When it comes to beginning investing, one of the most common pieces of advice is to start with a mutual fund.
But what is a mutual fund?
The novice investor can benefit from these products, but it’s important to have a solid understanding of what mutual funds are before you get started.
Mutual Fund Basics
A mutual fund is an investment product that purchases shares of various securities. Basically, a mutual fund is a collection of other investments. When you buy shares of a mutual fund, you are essentially investing in everything that the mutual fund is investing in. Before you choose a mutual fund, it’s important to understand what the fund invests in so that you are certain that it’s a fund you want to hold.
One of the reasons that mutual funds are attractive is due to the fact that it’s relatively easy to diversify your holdings with the purchase of mutual fund shares. You have instant exposure to a number of investments all at once.
Mutual funds make it easy to diversify when you have a limited budget. It’s possible to use dollar-cost averaging to purchase partial shares of mutual funds regularly, building up your portfolio over time. Additionally, a mutual fund reduces the need for stock picking or bond picking on your own, since someone else is in charge of assembling the investments that go into a mutual fund.
What is a Mutual Fund: Fees
Another consideration with mutual funds is the fees that are charged. Because someone has to assemble the fund and maintain it, there are fees associated with a mutual fund. There are two main types of mutual funds when it comes to management and fees:
- Actively managed mutual funds: An actively managed mutual fund is one that features a manager who makes decisions about what investments will best help the fund reach its goals. If the fund focuses on energy investments, the fund manager includes different companies related to the energy sector. If the fund is meant to provide growth, the manager includes investments that s/he feels will grow quickly. An actively managed fund often comes with yearly expense fees of between 1.5% and 4% of your investment amount. Additionally, you might be charged an additional fee up front when you buy shares (or even when you sell shares), called a load.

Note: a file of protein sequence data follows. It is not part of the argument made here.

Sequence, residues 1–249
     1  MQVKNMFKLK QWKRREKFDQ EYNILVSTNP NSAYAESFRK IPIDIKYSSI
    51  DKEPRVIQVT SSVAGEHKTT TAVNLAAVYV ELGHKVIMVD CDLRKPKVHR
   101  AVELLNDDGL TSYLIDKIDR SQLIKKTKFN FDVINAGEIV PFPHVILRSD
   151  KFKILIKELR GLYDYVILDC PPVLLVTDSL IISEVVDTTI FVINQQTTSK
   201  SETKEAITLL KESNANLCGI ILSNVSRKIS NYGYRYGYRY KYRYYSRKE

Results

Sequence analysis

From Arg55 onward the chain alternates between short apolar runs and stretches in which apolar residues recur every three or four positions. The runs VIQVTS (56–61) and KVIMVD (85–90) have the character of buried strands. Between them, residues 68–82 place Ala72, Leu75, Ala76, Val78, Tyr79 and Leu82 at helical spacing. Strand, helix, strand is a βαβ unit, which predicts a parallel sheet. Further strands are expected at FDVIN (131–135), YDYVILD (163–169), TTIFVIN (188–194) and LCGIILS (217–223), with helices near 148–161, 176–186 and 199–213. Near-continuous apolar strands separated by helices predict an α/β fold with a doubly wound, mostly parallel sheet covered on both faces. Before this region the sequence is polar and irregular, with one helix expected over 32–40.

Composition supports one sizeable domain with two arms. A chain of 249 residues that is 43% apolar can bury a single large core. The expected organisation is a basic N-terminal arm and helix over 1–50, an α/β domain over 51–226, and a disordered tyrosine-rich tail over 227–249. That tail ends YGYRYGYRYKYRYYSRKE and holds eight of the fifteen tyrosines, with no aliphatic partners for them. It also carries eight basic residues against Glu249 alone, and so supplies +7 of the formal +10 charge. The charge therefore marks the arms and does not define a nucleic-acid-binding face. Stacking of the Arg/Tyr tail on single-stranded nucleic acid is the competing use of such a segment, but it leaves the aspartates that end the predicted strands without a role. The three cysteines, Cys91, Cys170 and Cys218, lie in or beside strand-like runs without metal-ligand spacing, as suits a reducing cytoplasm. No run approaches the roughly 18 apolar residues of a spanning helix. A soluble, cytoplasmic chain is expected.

- Index funds: On the other hand are index funds. An index fund is a type of mutual fund that simply follows the performance of a specific index. It might invest in all of the stocks on the Russell 2000, or it might be an all-market index fund, investing in every publicly traded company. There are also bond index funds that track bond indexes. These funds often come with lower fees. There are no load fees, and you often end up paying expense ratios of less than 1%.
Choosing a mutual fund can be one way to start investing. It’s fairly easy to understand mutual funds, especially index funds. Once you begin investing in a mutual fund, you can set it on automatic while you research investment information and learn what will help you make better decisions down the road.
Tom Drake writes for Financial Highway and MapleMoney. Whenever he’s not working on his online endeavors, he’s either doing his “real job” as a financial analyst or spending time with his two boys.